Americans have dissipated their racial energy in an orgy of stone breaking. In their few years they have broken more stones than did centuries of Egyptians. And they have done their work hysterically, desperately, almost as if they knew that the stones would some day break them. –Nathanael West (1933)

I must say I disagree with Slavoj Žižek’s Lacanianism that sinthomes, the deeper jouis-sens of meaning at the heart of the materiality of the written word, qualitatively differ from mathemes, their mathematical analogs. For mathemes also carry libidinal investment and are also subjectivized not only along historical trajectories long and short but by deeply personal jouissance.

That doesn’t spoil mathematics. It just makes it part of the fabric of human experience, for better and, as the strange video here demonstrates in form and content, for worse.

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The Parallax Pig

Posted in Organic agriculture, Revolution with tags , , , , , , , , on November 19, 2011 by farmingpathogens

Slavoj Žižek on the historical linguistics of  food production and consumption:

“‘Pig” refers to animals whom farmers deal, while “pork” is the meat we consume–and the class dimension is clear here: “pig” is the old Saxon word, since Saxons were the underprivileged farmers, while “pork” comes from French “porque,” used by the privileged Norman conquerors who mostly consumed the pigs raised by farmers.

Such a parallax–dual or dueling perspectives–can be found along other dimensions.  The kinds of social histories symbols and what they represent share can also be found in the mathematical modeling used to characterize these little piggies, their roast beef, and their wee pathogens all the way home.

The epidemiological formalisms deployed grew out of historical trajectories of their own, with all manner of interests–personal and political–shaping their inputs and  outcomes. We’re not talking here about acts of blatant corruption–how gauche!–but the way social presuppositions are built into modeling as ethically practiced.

Setting aside the obvious complications we are likely to encounter, in the interests of bringing the issue to a head, if you’ll excuse the hog pun, let me ask, Is there such a thing as a Norman modeling and its Saxon counterpart? Can we find Robin Hood in Sherwood Formalism?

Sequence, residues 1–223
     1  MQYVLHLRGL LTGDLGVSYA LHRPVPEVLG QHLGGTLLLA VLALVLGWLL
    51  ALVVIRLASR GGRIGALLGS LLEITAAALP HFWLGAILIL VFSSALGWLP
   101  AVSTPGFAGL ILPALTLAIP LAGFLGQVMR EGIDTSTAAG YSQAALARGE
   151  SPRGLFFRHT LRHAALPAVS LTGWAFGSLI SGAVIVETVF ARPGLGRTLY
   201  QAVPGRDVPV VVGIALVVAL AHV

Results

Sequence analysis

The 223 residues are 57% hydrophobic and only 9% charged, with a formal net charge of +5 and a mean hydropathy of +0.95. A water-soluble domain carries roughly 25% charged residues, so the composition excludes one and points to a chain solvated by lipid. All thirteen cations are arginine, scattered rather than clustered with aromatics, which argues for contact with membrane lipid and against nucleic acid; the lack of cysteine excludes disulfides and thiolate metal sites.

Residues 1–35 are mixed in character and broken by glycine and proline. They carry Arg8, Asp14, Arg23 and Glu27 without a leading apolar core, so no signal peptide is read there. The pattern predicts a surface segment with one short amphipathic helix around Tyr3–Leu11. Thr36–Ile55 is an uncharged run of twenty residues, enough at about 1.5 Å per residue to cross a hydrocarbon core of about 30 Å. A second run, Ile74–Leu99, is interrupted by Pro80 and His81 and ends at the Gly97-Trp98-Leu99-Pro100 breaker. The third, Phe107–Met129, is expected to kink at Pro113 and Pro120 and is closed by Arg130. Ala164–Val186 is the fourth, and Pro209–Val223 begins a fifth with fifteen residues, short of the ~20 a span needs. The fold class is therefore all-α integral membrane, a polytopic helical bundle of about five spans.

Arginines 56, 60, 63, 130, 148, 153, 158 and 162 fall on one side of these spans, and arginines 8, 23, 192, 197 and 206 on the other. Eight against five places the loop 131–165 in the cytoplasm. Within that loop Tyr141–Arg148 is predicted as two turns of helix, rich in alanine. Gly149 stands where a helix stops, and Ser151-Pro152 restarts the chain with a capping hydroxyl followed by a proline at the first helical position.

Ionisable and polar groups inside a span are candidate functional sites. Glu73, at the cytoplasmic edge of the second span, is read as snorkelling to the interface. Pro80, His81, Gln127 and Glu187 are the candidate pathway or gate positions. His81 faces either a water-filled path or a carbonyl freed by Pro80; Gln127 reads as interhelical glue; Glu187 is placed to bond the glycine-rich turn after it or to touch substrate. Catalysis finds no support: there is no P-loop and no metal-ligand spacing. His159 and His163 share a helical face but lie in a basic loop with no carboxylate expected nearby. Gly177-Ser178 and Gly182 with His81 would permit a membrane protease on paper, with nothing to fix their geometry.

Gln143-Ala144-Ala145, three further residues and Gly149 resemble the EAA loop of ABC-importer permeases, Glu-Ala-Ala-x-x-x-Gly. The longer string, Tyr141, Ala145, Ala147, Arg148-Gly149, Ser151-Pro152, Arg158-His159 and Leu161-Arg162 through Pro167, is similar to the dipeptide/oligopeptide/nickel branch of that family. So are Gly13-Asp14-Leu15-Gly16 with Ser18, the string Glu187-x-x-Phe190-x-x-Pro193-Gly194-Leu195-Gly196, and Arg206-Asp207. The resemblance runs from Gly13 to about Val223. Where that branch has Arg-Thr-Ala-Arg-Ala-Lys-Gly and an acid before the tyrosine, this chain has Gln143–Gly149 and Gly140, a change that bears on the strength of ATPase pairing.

The Scientific American

Posted in Ecological resilience, Evolution, Influenza with tags , , , , , , , , , , , , , on January 18, 2011 by Rob Wallace

Science is the business right now. If the science works, the business works, and vice versa. –Craig Venter

Bird flu marinates a chicken in its own juices, a satay best avoided whatever the menu special. In such short an order better for the bistro than the barn infected birds rapidly bleed from the inside out.

What to do about this bit of bad news?

Broilers and layers are as much commodities as they are birds. As much engineering problems as living organisms. So ask research and development for a solution comes the answer.

It was, after all, by virtue of its open morphogenesis and behavioral flexibility that the chicken was first domesticated multiple times from red and grey jungle fowl distributed across South and Southeast Asia, artificially selected for the backyard, then scaled up in size and population to its factory model.

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We Can Think Ourselves into a Plague

Posted in Ecological resilience, Evolution, Farming Human Pathogens book, HIV, Influenza with tags , , , , , , , , on October 25, 2010 by Rob Wallace

The power of the mind is a New Age staple. But really, can I concentrate enough to levitate myself (much less get my laundry done today)?

The materialist answers, funny you mention it, but, yes, you can. A few minds thought through the ideas that produced the airplane and perhaps soon enough the personal jet pack with smart phone dock and coffee maker.

The dialectical materialist would modify science’s self-congratulations with the observation it’s taken many generations’ labor to produce the surplus permitting a few their deep thinking. Ingenuity is itself a social object.

And yet, despite, or perhaps because of, that backing, we can think ourselves into era-specific traps. Among these include animal and plant diseases that rope-a-dope us into a frustration we feel obliged by our lords and masters to fail to understand.